Late payments are a serious problem in the construction industry. That’s particularly true when it comes to retainage payments. Cash flow is light at the end of a project, once the work is complete. The contractor or sub has little leverage left at that point. For too many construction businesses, getting their retainage back becomes a waiting game. In response to this problem, many states have enacted prompt payment laws that set deadlines for payments on a project – including retainage.
Vermont Prompt Payment Act
Most states have enacted their own prompt payment provisions to ensure timely payment on construction projects. Vermont is no exception. The Vermont prompt payment statutes regulate the timing of payments – including retainage – on both public and private projects.
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Under VT. Stat. Title 9 §4005(c), a contractor must pay their subcontractor the retainage owed within 7 days after the contractor receives retainage from the owner of the project. Furthermore, the Act states that any retainage which is unreasonably withheld will be subject to interest penalties and attorney’s fees.
Paying retainage with conditions attached is the same as nonpayment
Imagine a scenario where you get the retainage check on time. BUT it states that the check represents payment in full – even though you’re still waiting for another payment. Should you cash the check?
Well, that’s exactly what happened in J & K Tile Co. v. Wright & Morrissey, Inc.
J & K Tile Company v. Wright & Morrissey, Inc.
This case involved Wright & Morrissey, Inc. a prime contractor on a commercial project in Vermont, and J & K Tile Company (J&K), who was subcontracted to do flooring work. The subcontract was for periodic progress payments with retainage being withheld at a rate of 15% until the subcontract work was complete. (That’s already much higher than typical retainage of 5-10%.)
Right from the outset of the project, there were complications and schedule delays. Given the fact that flooring is a late phase trade, J & K’s commencement of work was also delayed.
As a result, the parties agreed to a Memorandum of Understanding. This memo stated that Wright & Morrissey would pay J&K an additional $2,000 for each day the sub had to work past May 21. This wound up being 21 days, for a grand total of $42,000.
Retainage check was issued along with a waiver acknowledging full payment
At the end of the subcontract work, J&K submitted an invoice for the delay payments of $42,000, along with a request for final and retainage payments.
In response to this, Wright & Morrissey sent a response letter declaring that (a) it refused to pay the $42,000, and (b) that it would release retainage, which was pending receipt of a lien waiver, and that the payment represents payment in full.
The following week, Wright & Morrissey sent the retainage check even though J&K hadn’t submitted a lien waiver.
J&K didn’t cash the check. Instead, they asked Wright & Morrissey for assurance that cashing the retainage check wouldn’t waive their claim for the $42,000 in delay payments.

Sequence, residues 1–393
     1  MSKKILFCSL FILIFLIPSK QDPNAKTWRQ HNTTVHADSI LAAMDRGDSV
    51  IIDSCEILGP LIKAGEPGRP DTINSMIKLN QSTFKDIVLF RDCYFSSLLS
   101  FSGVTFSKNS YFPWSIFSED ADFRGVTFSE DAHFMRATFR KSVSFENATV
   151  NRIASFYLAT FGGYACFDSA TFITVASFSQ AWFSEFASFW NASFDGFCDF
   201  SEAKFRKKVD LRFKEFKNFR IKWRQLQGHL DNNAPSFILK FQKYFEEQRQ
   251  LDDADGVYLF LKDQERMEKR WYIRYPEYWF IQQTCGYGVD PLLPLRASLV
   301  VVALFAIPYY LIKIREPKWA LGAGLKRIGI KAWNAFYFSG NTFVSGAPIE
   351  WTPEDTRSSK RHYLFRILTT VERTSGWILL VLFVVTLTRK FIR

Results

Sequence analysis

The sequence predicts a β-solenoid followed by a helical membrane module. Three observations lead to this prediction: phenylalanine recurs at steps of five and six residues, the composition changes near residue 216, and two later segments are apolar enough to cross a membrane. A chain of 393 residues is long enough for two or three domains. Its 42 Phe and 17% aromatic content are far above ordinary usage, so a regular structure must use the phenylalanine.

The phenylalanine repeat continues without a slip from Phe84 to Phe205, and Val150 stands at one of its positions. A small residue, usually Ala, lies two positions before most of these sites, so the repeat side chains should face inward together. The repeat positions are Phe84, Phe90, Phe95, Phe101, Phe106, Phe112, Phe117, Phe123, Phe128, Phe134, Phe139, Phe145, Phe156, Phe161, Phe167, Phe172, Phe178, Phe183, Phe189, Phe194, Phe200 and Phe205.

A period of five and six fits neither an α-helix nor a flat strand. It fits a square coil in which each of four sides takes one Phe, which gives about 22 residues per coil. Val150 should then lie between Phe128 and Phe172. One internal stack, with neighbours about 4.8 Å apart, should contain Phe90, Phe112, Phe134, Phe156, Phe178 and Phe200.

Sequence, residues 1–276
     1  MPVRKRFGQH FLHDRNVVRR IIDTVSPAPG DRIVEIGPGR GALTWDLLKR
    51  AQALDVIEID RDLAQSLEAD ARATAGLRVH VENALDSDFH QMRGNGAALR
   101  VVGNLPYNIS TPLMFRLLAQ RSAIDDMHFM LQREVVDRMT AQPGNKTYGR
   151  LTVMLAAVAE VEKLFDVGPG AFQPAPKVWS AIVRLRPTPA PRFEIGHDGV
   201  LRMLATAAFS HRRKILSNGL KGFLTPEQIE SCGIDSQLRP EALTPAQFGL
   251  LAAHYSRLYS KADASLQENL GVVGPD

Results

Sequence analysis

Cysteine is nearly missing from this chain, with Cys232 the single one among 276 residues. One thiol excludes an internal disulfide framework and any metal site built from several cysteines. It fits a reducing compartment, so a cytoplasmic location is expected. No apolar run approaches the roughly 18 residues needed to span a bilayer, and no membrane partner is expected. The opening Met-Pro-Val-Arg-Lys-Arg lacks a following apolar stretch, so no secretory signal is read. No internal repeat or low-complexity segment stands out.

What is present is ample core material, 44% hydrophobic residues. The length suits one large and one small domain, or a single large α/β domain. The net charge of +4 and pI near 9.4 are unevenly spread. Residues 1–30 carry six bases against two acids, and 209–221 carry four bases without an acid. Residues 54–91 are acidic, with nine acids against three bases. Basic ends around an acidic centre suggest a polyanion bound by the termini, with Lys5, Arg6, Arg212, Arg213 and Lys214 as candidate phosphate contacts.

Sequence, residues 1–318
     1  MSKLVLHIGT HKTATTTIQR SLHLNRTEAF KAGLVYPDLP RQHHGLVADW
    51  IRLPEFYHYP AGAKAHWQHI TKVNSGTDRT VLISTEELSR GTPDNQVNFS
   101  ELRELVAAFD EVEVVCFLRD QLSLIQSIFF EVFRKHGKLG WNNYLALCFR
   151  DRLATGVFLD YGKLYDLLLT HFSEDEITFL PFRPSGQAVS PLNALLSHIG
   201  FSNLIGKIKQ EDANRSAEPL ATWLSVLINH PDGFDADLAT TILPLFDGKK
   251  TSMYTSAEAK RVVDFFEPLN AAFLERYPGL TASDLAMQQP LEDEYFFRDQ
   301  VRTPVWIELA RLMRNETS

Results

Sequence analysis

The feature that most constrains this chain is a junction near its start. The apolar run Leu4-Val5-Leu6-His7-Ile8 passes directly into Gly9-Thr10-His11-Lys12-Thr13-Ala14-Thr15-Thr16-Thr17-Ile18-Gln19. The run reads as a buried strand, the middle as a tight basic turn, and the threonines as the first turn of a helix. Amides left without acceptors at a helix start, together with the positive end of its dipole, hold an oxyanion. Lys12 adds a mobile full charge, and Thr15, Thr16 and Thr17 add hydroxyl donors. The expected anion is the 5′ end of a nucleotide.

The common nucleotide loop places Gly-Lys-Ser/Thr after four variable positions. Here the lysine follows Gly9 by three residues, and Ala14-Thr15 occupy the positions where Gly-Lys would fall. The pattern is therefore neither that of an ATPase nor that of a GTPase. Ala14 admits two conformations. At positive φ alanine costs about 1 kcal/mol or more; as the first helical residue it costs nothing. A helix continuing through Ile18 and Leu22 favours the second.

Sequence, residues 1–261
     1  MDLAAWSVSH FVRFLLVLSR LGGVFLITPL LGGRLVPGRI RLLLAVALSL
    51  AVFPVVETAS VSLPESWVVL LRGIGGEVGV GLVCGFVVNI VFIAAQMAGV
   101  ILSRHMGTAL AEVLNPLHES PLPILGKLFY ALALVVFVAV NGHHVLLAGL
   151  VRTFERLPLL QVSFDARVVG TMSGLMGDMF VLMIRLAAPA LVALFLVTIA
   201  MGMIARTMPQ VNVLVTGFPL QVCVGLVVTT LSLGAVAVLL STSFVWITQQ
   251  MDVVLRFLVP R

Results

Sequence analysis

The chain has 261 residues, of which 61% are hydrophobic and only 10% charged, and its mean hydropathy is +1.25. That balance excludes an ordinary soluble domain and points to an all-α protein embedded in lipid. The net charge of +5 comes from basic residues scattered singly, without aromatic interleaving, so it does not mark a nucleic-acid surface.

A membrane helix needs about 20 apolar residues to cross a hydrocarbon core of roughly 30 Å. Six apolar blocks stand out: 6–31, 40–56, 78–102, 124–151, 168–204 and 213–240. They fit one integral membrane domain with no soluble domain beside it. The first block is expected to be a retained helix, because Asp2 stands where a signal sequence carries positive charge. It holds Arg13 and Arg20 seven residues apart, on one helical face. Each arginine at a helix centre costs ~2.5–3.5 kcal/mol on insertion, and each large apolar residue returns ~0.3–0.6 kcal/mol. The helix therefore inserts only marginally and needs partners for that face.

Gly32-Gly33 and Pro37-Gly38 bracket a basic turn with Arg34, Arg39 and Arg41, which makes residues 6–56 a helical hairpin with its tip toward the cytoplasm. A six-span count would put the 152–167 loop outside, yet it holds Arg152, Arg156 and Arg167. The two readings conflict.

Wright & Morrissey refused. So J&K filed a lawsuit against them. Four months later, while litigation was still pending, J&K finally received written acknowledgment stating that cashing the check wouldn’t waive their delay payment claims. So J&K cashed the check.
Delay payments and prompt payment penalties
Once the dispute finally reached the trial court, J&K was awarded the $42,000 in delay payments, along with interest penalties and attorney fees for the improper withholding of retainage under the prompt payment laws.
Wright and Morrissey appealed the decision.
On appeal: VT Supreme Court declared that retainage was wrongfully withheld
Wright & Morrissey argued that the retainage check was delivered on time according to the VT prompt payment laws. They claimed that J&K could have cashed the check at any point in time. The court rejected this argument entirely.
The judge stated that the check was issued along with documentation stating that it was payment in full while there was still an unresolved payment dispute. That J&K had reasonably feared that endorsing the check would amount to “accord and satisfaction.” They were afraid that doing so would effectively waive any rights to the delay payments.
The VT Supreme Court decided that the trial court had properly awarded interest penalties and attorney fees to J&K under the prompt payment laws.
Be wary when receiving a check with conditions added
Accepting and cashing a check with conditions or waivers attached could lead to the loss of any other claims for payment. As the court stated, this is referred to as “accord and satisfaction.” This is a legal principle which means that there was an agreement (accord) between two parties to discharge the original contract duties based on different agreed-upon terms (satisfaction).
- Does “final payment” mean the same thing as “payment in full”?
- If a check contains a memo such as paid in full, is the debt considered paid if the payee deposits the check?
Anytime someone receives a check that either states “paid-in-full,” “final payment,” or includes a separate document stating the like, it should be cause for concern.